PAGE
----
Lost in Translation
Director : Sofia Coppola
Screenplay : Sofia Coppola
MPAA Rating : R
Year of Release : 2003
Stars : Bill Murray (Bob Harris), Scarlett Johansson (Charlotte), Giovanni Ribisi (John), Akiko Takeshita (Ms. Kawasaki), Kazuyoshi Minamimagoe (Press Agent), Kazuko Shibata (Press Agent), Take (Press Agent), Ryuichiro Baba (Concierge), Akira Yamaguchi (Bellboy), Catherine Lambert (Jazz Singer)
Sofia Coppola’s Lost in Translation is a beautiful, lyrical cinematic ode to lost souls finding each in an unlikely place. In this case, it is a burnt-out movie star and a lonely young newlywed who strike up a relationship in downtown Tokyo, where they both feel isolated and alone, spiritually and culturally. The location setting in Tokyo—with its technologically overdetermined neon gaudiness and strange-to-Westerners cultural habits—accentuates and heightens the characters’ isolation, and it is only when they are together that they feel some sense of connection to the world.
Bill Murray, in a beautifully nuanced performance that deftly blends comedy and pathos to the point that the line between them is indistinguishable, plays the American actor, Bob Harris, who has left his slowly disintegrating marriage back in the States to pick up a $2 million paycheck in Japan for shooting a Suntory whiskey ad. Murray is a perfect sketch of fading dignity, his once-glorious movie star past fading with age and irrelevance, leaving him in a state of cynical resignation.
At the hotel, he meets Charlotte (Scarlett Johansson), a recent graduate from Yale with a philosophy degree and a two-year marriage to a professional photographer (Giovanni Ribisi) who is defined more by his perpetual absence than by any specific character trait. Charlotte is thoughtful, introspective, and at war with herself over her own lack of action in life. A seemingly unlikely pair, Bob and Charlotte find that they have much in common (including their insomnia) even if they are at different points of the life spectrum; Charlotte’s problems, particularly those with her marriage and her uncertainty about what to make of her life, are like nascent versions of the issues Bob to which has ultimately resigned himself.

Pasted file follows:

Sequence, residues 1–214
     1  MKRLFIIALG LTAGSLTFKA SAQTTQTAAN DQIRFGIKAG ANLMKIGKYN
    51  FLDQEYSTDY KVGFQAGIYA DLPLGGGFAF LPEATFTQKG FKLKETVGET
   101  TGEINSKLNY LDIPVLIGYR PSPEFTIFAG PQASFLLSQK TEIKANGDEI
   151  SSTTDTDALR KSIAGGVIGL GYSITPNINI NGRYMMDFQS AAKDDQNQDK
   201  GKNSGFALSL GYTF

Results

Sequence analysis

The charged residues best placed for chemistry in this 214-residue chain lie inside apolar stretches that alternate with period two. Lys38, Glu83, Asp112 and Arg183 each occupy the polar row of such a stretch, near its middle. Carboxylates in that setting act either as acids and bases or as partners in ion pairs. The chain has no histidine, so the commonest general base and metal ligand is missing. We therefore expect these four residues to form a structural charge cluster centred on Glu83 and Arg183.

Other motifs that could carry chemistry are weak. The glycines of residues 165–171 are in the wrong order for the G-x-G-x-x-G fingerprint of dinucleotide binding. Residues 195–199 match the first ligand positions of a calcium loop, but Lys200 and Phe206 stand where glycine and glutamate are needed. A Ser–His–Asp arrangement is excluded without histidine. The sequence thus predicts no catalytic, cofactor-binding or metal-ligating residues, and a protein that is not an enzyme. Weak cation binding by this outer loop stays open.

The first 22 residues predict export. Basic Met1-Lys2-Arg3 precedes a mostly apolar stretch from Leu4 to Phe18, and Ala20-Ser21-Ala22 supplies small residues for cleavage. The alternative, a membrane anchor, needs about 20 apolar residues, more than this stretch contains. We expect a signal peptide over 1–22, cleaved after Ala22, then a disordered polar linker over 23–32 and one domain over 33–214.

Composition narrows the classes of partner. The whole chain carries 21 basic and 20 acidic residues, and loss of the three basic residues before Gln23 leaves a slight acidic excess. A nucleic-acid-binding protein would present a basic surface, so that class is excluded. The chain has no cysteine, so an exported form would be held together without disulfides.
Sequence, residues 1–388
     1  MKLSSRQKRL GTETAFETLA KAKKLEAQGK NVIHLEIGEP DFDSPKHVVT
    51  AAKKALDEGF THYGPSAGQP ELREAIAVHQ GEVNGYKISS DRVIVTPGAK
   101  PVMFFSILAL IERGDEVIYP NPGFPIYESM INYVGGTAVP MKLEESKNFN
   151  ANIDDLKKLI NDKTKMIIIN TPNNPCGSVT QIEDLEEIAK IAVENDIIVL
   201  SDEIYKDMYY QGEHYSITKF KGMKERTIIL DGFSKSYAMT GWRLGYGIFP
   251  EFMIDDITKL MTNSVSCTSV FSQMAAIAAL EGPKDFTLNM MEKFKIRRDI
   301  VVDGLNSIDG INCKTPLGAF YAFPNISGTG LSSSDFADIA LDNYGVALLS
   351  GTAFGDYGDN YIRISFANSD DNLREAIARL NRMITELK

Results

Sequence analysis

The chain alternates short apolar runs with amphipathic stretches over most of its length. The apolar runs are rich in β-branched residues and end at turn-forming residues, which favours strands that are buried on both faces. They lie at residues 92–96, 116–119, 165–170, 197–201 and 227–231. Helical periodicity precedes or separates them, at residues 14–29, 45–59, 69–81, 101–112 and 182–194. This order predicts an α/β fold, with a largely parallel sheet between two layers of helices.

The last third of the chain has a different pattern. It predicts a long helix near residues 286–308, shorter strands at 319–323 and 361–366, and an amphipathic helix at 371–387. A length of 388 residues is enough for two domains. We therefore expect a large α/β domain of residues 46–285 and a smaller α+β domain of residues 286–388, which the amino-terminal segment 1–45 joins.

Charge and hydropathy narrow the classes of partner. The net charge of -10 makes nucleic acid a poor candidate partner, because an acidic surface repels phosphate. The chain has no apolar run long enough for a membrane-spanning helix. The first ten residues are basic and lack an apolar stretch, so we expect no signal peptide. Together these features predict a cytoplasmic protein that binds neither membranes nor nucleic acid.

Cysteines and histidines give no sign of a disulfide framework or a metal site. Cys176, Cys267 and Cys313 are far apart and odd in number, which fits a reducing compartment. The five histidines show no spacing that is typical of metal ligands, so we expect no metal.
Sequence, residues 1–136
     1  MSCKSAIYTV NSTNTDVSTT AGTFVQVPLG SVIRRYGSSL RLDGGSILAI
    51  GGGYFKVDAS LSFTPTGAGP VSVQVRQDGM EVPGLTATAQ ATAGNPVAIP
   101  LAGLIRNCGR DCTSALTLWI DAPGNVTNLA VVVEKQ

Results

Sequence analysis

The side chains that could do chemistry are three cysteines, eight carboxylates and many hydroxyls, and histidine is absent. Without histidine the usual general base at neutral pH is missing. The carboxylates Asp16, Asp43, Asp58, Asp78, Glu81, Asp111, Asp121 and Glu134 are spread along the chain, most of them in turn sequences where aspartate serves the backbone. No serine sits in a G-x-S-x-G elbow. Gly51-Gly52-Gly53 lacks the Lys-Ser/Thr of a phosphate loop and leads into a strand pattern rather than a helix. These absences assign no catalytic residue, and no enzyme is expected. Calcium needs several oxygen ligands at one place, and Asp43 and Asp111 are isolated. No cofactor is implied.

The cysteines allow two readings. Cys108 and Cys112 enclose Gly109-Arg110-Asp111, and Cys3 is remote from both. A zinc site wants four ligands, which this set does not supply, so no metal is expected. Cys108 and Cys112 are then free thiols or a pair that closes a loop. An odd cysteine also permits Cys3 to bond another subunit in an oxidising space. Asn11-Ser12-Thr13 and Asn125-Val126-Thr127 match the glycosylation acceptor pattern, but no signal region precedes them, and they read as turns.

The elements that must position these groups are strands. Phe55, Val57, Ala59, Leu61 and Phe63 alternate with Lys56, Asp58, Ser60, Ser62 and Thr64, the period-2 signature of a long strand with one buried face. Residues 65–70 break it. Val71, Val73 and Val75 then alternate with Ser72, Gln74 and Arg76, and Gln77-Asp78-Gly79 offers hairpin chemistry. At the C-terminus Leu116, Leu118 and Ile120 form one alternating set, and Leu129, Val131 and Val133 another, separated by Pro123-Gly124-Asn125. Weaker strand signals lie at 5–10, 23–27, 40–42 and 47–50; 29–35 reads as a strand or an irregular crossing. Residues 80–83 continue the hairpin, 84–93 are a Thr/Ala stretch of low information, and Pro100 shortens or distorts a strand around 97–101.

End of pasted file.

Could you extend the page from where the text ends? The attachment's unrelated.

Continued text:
Theirs is not a conventional romance, but rather a true melding of souls. There is a precious awkwardness in the way they come together because they seem to sense how odd their relationship is even as it fulfills them in a way their other relationships don’t. As she did in her feature debut, 1999’s The Virgin Suicides, Coppola emphasizes the slow passage of time and the importance of small details and little actions. Wordless scenes of Charlotte sitting on a window sill, her small frame dwarfed by the expansive Tokyo skyline, or Bob flipping through TV channels and starring blankly at an image of himself as a young man with his dialogue dubbed into Japanese, tell all we need to know about their characters’ isolation.
Central to Lost in Translation is the idea of culture clash and how, even though we are all human at the core, the ways in which we organize our lives culturally have a profound effect on our ability to connect with each other. The obvious culture clash involves East versus West, and Coppola structures some great comedic moments around it, whether it be a simple shot of Murray standing in an elevator head and shoulders above everyone else or a drawn-out setpiece involving his trying to evade an masseuse’s overenthusiastic and genuinely goofy erotic come-ons.
Coppola establishes the movie’s point of view from the outside beginning with the opening shots of Murray in a taxicab—she never tries to get inside Japanese culture, but rather keeps us on its fringes, thus creating a sense of alienation that mirrors the feelings of her characters. It makes the vast landscape of Japanese pop culture seem almost frighteningly bizarre, but that’s the point: It’s not inherently bizarre, but only seems that way from the outside. When Charlotte makes a genuine effort to take part in the culture she’s visiting, it results in the some of the movie’s most affecting moments.
The other culture clash is more personal, as it revolves around the clash between professionalism and family. Both Bob and Charlotte are isolated from their loved ones because of jobs. Bob’s profession as an actor takes him away from his wife and children, who barely even know him. He tells Charlotte that he and his wife used to travel together and have fun, but that era has apparently passed. Charlotte, on the other hand, still unsure of what to do with her life, finds herself constantly alone because her husband is always running off to another photo shoot. Even though she travels halfway around the world to be with him in Tokyo, she might as well have stayed home.
Thus, both alone, Bob and Charlotte connect in a way that perhaps they wouldn’t have at any other point in their lives. Yet, they do connect, and it is beautiful and sublime. Murray and Johansson develop a tender rapport in a short period of time, their initial awkward encounters slowly giving way to a comfort level that allows them to lie in bed next to each other and convey the doubts and fears that otherwise might have stayed locked up.
The final scenes in Lost in Translation accept that their relationship is of the moment; in that sense, it is wonderfully tragic. In the last, most bittersweet scene, Bob whispers something in Charlotte’s ear and we don’t get to hear it, but we can only imagine that it conveys the sense of love and affection that so clearly exists between them and only them. I didn’t mind not hearing it because, more than anything, I sensed that the words weren’t meant for our ears. It may be the first time in a movie where not hearing something may bring tears to your eyes.
Copyright © 2003 James Kendrick